Homebound Seniors Remain Disproportionately Costly For Medicare

Homebound seniors contribute to higher overall Medicare spending compared to their non-homebound counterparts, according to a recent study from researchers at the Icahn School of Medicine at Mount Sinai.

The study examined National Health and Aging Trends data and Medicare fee-for-service claims data to give an overview of health care utilization and spending among homebound seniors.

“Understanding the health care needs and costs of homebound older adults is vital to health policy priority setting and shaping the future of long-term care,” the researchers wrote in the study.


Broadly, the study considers seniors that leave their homes once a week or less homebound. Roughly 1.5 million people make up this population.

“The homebound are disproportionately Hispanic and Black non-Hispanic, medically and socially complex, and isolated. And their numbers are rising,” Benjamin Oseroff, a third-year medical student at Icahn Mount Sinai who led the study, said in a press statement.

Though they’re only 5.7% of the Medicare fee-for-service population, homebound seniors aged 70 and older accounted for 11% of Medicare spending in 2015, according to the study.


Additionally, Medicare spending is $11,346 higher among homebound seniors.

“The homebound are even more concentrated among the top spenders, making up nearly 14% of those in the 95th percentile or above of Medicare spending,” Oseroff said. “In light of these findings, the homebound represent a critically important population to target for quality improvement and reductions in Medicare spending.”

Homebound patients heavily utilize hospital-based care. This is one of the reasons there’s a spike in costs among this population.

An estimated 40% of homebound seniors had a hospitalization annually. When looking at non-homebound seniors, roughly 20% have been hospitalized annually.

The researchers also noted that homebound seniors are not utilizing outpatient care. Only 61% of homebound seniors received an annual primary care visit. Among non-homebound seniors, 72% received an annual primary care visit.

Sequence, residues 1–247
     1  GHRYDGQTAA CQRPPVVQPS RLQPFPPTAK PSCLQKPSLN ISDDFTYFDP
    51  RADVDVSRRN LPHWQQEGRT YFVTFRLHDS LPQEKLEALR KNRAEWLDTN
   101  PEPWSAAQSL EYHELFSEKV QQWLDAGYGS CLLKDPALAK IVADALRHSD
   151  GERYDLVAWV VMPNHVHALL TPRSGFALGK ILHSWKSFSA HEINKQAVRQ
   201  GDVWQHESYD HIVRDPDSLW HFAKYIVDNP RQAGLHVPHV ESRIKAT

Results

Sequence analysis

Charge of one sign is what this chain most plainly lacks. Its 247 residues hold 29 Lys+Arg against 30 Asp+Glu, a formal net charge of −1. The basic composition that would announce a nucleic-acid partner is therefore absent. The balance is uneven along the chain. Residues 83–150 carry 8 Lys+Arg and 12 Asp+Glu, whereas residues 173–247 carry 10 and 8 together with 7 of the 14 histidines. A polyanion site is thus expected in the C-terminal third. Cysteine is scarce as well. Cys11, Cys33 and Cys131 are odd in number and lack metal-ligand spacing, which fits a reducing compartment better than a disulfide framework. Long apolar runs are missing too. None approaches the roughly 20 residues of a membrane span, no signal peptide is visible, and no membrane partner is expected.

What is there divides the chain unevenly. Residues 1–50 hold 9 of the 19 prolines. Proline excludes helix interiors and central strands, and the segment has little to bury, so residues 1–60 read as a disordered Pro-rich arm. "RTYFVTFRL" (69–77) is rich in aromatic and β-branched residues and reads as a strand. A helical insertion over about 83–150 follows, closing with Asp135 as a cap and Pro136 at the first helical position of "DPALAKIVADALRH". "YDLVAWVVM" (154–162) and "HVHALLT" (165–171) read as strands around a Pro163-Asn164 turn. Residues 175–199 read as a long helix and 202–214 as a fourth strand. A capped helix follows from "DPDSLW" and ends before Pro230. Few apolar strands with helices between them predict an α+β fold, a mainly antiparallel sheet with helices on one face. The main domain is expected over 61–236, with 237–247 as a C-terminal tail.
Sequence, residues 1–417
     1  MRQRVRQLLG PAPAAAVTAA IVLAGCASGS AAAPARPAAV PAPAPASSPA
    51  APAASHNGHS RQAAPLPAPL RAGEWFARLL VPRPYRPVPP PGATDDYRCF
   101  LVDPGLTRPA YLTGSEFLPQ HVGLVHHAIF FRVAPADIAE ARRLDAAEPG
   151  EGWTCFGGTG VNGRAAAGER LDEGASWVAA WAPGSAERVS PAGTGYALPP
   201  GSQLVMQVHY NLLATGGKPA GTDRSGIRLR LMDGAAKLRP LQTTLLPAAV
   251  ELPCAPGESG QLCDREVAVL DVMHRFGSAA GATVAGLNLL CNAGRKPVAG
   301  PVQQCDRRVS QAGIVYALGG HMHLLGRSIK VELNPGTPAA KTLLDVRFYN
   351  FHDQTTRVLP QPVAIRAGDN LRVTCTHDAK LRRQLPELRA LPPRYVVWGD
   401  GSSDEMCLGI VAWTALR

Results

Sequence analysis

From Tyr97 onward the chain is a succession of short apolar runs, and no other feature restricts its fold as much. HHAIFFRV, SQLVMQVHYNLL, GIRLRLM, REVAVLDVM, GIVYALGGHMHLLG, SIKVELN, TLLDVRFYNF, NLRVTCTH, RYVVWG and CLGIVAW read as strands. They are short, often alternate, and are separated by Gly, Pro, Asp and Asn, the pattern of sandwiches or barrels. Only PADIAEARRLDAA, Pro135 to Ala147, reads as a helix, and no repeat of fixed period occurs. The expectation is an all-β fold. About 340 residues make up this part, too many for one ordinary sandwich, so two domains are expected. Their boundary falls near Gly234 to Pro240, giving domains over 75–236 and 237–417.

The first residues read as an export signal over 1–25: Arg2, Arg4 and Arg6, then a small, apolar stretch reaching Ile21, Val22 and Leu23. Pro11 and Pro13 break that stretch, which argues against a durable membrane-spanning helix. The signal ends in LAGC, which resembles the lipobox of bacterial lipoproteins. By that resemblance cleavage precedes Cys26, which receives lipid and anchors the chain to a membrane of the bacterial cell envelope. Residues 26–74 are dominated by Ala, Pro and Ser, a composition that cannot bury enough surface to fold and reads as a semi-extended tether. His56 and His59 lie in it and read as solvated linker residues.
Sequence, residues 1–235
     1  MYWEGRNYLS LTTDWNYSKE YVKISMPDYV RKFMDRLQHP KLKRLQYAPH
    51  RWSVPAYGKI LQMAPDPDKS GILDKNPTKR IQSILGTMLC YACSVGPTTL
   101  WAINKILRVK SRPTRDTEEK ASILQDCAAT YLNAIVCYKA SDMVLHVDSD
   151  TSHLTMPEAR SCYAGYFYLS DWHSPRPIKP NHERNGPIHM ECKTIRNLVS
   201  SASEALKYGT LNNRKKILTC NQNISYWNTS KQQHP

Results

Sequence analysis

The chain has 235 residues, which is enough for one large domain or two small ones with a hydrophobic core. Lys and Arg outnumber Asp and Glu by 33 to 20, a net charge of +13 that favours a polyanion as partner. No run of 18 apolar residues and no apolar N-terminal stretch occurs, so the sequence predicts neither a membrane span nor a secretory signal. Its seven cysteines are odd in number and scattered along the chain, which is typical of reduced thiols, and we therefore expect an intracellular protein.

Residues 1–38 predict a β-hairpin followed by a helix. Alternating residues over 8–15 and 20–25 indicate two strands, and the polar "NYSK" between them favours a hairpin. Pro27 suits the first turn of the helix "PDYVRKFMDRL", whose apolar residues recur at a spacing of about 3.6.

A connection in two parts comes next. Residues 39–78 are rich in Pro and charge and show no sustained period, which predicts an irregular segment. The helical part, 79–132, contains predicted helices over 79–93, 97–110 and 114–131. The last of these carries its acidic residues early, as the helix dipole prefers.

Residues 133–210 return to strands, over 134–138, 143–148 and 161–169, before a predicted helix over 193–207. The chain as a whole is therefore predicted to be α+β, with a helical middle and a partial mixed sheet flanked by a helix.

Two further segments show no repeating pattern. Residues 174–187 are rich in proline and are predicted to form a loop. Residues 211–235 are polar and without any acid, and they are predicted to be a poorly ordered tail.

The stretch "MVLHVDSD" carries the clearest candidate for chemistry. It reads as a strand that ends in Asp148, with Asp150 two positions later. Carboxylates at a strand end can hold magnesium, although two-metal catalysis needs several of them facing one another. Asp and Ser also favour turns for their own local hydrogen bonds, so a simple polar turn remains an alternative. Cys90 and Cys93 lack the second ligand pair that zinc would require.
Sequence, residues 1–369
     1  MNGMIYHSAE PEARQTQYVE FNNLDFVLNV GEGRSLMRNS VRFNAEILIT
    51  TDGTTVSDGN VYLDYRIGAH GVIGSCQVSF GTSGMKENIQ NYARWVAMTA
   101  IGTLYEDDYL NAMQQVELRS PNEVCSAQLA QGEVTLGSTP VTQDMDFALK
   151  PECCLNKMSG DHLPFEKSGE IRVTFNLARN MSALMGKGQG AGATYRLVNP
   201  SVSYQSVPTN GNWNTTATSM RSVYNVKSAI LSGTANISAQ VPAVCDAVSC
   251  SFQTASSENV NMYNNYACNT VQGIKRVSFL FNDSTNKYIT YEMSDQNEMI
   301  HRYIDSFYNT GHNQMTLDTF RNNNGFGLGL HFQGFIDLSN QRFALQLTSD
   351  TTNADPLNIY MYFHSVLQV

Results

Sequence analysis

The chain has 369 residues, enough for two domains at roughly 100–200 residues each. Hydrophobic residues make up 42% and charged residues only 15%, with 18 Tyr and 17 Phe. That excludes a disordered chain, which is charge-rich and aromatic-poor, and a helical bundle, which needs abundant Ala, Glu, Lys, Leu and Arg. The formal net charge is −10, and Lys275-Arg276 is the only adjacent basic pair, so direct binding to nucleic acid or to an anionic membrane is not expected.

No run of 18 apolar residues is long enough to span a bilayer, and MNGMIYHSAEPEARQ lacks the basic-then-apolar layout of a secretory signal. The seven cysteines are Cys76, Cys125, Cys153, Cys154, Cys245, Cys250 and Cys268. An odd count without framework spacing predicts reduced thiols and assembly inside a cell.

“Despite being older and more medically complex, the homebound have lower rates of accessing outpatient care than the non-homebound,” the researchers wrote. “When adjusting for demographic, clinical and geographic differences, we find the homebound have only a small increase in the probability of having a home health visit compared to the non-homebound, suggesting that the gap in outpatient care is not being substituted for by home-based care within Medicare.”

Indeed, the barriers that block seniors for accessing home-based care under Medicare have been well-documented.

Some of the contributing factors include lack of awareness among Medicare beneficiaries, doctors not ordering care services and providers failing to deliver care.

Despite the popularity of telehealth in response to the COVID-19 emergency, the researchers push back on it being an end-all, be-all solution, citing a 2021 study that found barriers to virtual care. These roadblocks include lack of broadband access, no help for technology use, and cognitive and sensory impairments.

Researchers did, however, point to the policy and program efforts to increase access to home-based care.

“Over the past two decades, federal and state policy makers have increased investment to provide more long-term services and supports to older patients in the home and funded projects like the Center for Medicare & Medicaid Innovation’s Independence at Home demonstration to provide home-based primary care to the frailest Medicare beneficiaries,” the researchers wrote. “The American Rescue Plan Act of 2021 included $460 million in increased Medicaid funding for home and community-based services, and the Biden administration has proposed significant additional federal investment in these services.”

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